This is no. 28 in a series of micro craft essays exploring the finer points of writing. Check back each week for a new Craft Capsule.
I remember being told a story when I was a student, though all these years later I wonder if it can be true. The course was in Modern Art History, and we were studying Bauhaus. My professor told us that on the first day of class, the Bauhaus teacher gave each one of his students a single sheet of paper. The assignment, he said, is to fold the paper in such a way that it can support the weight of your entire body. Some succeeded; some failed. But it is the assignment itself, the sudden and impossible challenge of it, that struck me—that one simple, blank page had to hold up the weight of your entire life. I then recognized something I’ve never recovered from, some true and awful thing about being a poet and a poet’s relationship, not to words or the beauties and meanings words offer, but to the blank space those words are written on, to the page: that one must learn to trust that its thin, near nothingness can bear the burden of a life. I realized that the poet has the simplest answer. You do not need to find the strongest method of folding, you do not need an intricate architecture of support; you just leave the page as it is and step onto the blankness.
Now I see that poetry intensifies the latent properties of the daily mundane into symbolic potency. The words on the chore list lend themselves to the desperate reverie of “Ode to a Nightingale.” A pencil makes its marks in the margins of the books I teach, and as the semester unspools day by day, and poem by poem, chapter by chapter, I sharpen the pencil and it grows shorter; I see this object of mere utility is also a mortal clock, and that the pencil’s beauty is a strange humility revealed in the seldom felt fact that it is, among all the objects I live my life among, one of the few that will disappear before I do. Walking to my Intro to Poetry course, I’ve come to realize—I hope, I fear—that the day’s lesson on some point of poetic craft is something other than what the definition in the Literary Dictionary holds, and is, instead, a complex consciousness, a vital form, a means of living a life. I know that sounds impossibly grand, but I think it’s true—that metaphor can be a philosophy, and metonymy a form of faith.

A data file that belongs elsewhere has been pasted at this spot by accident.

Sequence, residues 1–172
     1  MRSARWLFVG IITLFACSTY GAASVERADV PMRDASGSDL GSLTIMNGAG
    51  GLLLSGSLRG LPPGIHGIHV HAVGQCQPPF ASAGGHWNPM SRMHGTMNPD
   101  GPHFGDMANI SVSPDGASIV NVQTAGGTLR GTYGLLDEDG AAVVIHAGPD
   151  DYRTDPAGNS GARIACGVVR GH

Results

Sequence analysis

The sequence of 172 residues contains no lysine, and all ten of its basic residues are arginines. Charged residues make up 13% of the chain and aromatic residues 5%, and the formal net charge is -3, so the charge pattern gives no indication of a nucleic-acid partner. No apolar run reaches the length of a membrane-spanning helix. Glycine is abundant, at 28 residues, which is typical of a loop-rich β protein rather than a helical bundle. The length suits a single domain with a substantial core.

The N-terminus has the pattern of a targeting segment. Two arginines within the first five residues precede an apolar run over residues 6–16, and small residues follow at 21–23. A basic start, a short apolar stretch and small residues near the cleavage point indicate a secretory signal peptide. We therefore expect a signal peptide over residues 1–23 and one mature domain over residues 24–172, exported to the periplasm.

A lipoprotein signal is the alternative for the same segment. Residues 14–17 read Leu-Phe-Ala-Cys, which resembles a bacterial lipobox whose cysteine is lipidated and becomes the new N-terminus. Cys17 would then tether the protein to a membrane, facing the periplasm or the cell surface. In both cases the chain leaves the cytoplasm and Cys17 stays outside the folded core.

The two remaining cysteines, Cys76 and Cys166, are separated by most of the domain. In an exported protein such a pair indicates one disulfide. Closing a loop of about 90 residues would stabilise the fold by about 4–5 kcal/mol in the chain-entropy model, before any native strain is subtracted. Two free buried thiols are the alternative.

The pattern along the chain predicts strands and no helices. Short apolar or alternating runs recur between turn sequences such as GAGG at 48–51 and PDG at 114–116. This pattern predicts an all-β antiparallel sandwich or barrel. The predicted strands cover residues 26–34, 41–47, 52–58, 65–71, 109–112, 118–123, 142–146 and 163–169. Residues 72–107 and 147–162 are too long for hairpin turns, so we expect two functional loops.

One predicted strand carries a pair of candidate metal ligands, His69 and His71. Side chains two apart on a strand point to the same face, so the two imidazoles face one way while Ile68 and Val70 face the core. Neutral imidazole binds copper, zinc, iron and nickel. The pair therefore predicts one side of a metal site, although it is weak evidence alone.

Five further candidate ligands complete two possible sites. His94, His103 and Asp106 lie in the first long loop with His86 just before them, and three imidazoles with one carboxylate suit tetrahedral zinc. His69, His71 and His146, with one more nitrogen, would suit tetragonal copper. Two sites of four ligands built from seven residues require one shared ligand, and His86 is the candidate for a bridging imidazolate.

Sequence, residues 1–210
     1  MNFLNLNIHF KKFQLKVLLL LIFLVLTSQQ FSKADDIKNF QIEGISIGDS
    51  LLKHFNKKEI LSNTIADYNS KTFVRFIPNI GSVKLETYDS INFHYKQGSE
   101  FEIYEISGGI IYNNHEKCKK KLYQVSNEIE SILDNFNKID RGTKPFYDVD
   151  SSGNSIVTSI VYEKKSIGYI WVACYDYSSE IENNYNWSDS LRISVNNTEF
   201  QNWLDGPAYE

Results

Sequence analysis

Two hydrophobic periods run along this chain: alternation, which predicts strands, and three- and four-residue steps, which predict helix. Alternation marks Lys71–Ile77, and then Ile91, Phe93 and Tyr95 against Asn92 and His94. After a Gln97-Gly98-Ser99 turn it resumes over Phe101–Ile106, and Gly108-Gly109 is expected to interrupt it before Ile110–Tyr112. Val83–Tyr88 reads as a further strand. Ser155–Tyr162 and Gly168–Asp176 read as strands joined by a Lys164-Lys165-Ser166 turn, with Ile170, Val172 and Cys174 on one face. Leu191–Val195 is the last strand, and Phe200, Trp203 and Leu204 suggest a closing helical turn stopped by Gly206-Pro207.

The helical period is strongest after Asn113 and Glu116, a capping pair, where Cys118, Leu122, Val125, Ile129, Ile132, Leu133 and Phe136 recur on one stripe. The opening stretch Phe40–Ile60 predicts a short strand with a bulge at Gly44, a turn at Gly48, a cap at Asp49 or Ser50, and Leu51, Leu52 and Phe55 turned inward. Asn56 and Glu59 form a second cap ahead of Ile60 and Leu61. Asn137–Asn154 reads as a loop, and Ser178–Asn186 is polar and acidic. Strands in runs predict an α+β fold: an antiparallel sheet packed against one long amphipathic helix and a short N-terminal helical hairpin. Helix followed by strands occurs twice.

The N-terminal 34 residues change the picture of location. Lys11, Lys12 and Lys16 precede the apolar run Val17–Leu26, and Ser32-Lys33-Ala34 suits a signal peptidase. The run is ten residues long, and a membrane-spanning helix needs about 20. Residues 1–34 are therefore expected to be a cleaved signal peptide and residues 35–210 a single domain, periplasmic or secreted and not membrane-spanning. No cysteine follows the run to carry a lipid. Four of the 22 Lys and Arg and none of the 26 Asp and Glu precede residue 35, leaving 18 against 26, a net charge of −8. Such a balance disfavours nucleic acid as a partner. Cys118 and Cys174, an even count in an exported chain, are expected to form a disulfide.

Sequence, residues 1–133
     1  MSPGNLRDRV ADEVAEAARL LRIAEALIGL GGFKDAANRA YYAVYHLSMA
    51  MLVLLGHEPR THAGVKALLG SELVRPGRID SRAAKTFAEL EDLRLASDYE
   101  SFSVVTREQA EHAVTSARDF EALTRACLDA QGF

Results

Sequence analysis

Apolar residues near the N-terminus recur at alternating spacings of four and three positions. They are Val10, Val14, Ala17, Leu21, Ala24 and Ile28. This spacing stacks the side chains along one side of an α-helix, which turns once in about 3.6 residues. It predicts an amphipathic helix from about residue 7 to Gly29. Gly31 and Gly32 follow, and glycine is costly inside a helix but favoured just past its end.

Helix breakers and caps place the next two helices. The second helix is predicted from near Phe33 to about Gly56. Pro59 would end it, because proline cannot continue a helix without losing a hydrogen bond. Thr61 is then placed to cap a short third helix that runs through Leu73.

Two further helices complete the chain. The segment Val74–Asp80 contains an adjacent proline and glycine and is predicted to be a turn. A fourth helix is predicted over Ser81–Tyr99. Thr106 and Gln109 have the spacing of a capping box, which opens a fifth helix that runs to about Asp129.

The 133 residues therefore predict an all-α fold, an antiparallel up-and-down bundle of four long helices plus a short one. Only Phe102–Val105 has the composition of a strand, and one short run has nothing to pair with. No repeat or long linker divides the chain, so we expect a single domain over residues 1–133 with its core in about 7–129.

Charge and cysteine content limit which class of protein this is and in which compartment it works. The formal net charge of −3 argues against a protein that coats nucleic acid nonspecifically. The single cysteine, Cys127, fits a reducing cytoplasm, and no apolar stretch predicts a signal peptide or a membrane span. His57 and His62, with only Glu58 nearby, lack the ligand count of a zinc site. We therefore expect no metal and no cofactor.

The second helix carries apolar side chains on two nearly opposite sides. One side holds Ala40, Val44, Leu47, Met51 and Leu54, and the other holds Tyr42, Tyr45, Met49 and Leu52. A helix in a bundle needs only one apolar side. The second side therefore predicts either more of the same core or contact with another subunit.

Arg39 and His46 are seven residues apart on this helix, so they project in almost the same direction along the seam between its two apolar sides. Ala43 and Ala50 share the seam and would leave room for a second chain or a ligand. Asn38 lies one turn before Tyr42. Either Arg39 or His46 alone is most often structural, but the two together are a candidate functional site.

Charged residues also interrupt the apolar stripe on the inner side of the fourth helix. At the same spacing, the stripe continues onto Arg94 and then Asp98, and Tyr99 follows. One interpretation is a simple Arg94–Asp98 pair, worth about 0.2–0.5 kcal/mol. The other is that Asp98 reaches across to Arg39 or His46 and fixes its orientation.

To help my students grasp such possibilities I ask them to take out a blank page of paper. The question is how to get from one corner to the opposite corner in the quickest way. The immediate reaction is to take a pencil and draw a straight line from corner to corner. But then some student figures it out and, leaving the pencil where its point stands, bends the opposite corner under its tip, letting the pencil ride across the distance without leaving a mark, for it has not “moved” at all. That is the discovery of metaphor. It helps us cross the distance we cannot imagine. And if it is as they say—those star-gazers, those physicists, those astronomers—that the earth isn’t the center of the universe, nor now is the sun, nor the Milky Way’s own black hole, but that all is in the red-shift, and flees from us in every direction at increasing speed into infinite distance, and between us and all we might love, as Emerson would have it, there is “an innavigable sea,” then metaphor becomes something other than the answer on the midterm, an implicit comparison between unlike things. It becomes a way to recognize the isolate nature of our condition, and a means of countering what otherwise could best be described as our cosmic loneliness. If the cost of the consciousness that language lends us is the inevitable sense of our separation from what it is we speak of, who it is we love, what it is we desire, then metaphor short-circuits that sad consequence and shuttles us—though we hardly feel the corner of the page slip under our feet—across the abyss of the universe. Is that hyperbole? Maybe. But sometimes the universe is just the living room. Sometimes the universe is nothing more than room A113 in Microbiology, where every Tuesday and Thursday from 12:30 to 1:45 I teach my class. That doesn’t mean the distance to cross is any less. If infinity has any lesson, it’s that every part of it is also infinite: chalkboard to student’s desk; word on a page to word in a mind.